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What is the difference between the two classes below? Do you have some related information about this case? Thank you very much.

class test(object):
  def __init__(self, name):
     print name

class test():
  def __init__(self, name):
     print name
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possible duplicate of Python 'object' type and inheritance –  senderle Sep 14 '12 at 15:46
    
The () is unnecessary, as a matter of fact. –  Chris Morgan Sep 14 '12 at 15:46

3 Answers 3

up vote 4 down vote accepted

In python 2.x, the class that inherits from object will be a new-style class, while the other won't, while in python 3.x there'll be both new-style.

However, the differences between new and old are rather advanced, (for example, attribute search order) so a beginner shouldn't be too concerned about the incompatibilities.

See this answer for more information if you're interested, but it's rather a thing for library developers etc.

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Mhmm ... this wiki-page explains the differences very illustratively: http://wiki.python.org/moin/NewClassVsClassicClass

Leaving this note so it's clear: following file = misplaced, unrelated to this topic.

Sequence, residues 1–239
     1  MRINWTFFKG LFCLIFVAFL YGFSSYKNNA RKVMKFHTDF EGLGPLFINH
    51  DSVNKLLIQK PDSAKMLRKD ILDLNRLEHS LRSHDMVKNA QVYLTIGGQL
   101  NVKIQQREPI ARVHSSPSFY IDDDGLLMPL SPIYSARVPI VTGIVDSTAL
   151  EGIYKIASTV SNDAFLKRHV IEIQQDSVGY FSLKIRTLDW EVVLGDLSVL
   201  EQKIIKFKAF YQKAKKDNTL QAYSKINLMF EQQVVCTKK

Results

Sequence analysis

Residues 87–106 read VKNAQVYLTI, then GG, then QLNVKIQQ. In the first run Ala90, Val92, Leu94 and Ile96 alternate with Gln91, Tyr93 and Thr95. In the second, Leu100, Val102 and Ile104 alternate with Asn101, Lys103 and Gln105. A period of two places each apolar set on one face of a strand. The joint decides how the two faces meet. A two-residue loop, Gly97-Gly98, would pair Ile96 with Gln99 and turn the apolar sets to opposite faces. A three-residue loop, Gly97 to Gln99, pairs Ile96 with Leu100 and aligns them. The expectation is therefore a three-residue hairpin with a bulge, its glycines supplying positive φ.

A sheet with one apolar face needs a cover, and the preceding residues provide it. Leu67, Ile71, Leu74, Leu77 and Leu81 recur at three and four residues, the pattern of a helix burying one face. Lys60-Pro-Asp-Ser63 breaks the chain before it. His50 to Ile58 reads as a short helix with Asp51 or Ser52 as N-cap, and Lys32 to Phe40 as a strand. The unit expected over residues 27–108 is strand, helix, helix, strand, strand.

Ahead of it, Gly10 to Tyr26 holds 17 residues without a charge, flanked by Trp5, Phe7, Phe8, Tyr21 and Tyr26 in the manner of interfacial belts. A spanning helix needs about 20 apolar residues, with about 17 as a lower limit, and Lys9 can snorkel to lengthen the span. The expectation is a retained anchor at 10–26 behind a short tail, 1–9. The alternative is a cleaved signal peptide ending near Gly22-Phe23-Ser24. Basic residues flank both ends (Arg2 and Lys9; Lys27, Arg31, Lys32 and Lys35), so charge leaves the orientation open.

And I saw some answeres with the information, that Old-(Classic)-Style and New-Style classes are the same in py3 -> that's not correct:

enter image description here Old-style classes are removed in Python 3, leaving only the semantics of new-style classes

Besides this, the New-Style classes are quite available since Python 2.2. Up to 2.1 we have had to use the Classic style -> see here

Short summary about the differences/infos could be:

  • New-Style classes are available since Python 2.2
  • New-Style classes can use descriptors - Old Style classes cannot
  • New Style classes can subclass most built-in types - Old Style classes cannot
  • New Style classes supports a new meta-model (which affects e.g. the behaviour of the type() built-in massively)
  • Old-Style classes will find an attribute on an instance before it looks in the hierarchy - New-Style classes will let the class definition win if it is a writeable descriptor
  • Old-Style classes has been removed in Python 3

But in most way the introduction of the New-style classes has been affected within the comming up of python's Descriptors --> read more here.

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In this case, none, because the first explicitly inherits from object as a base class, while the second inherits from object implicitly.

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There is a difference. Check test.__mro__ for the first class. The second class throws an AttributeError. –  Blender Sep 14 '12 at 15:32
4  
only in py3 it's the same –  pythonm Sep 14 '12 at 15:34
    
That makes sense. –  xiaoke Sep 14 '12 at 16:52

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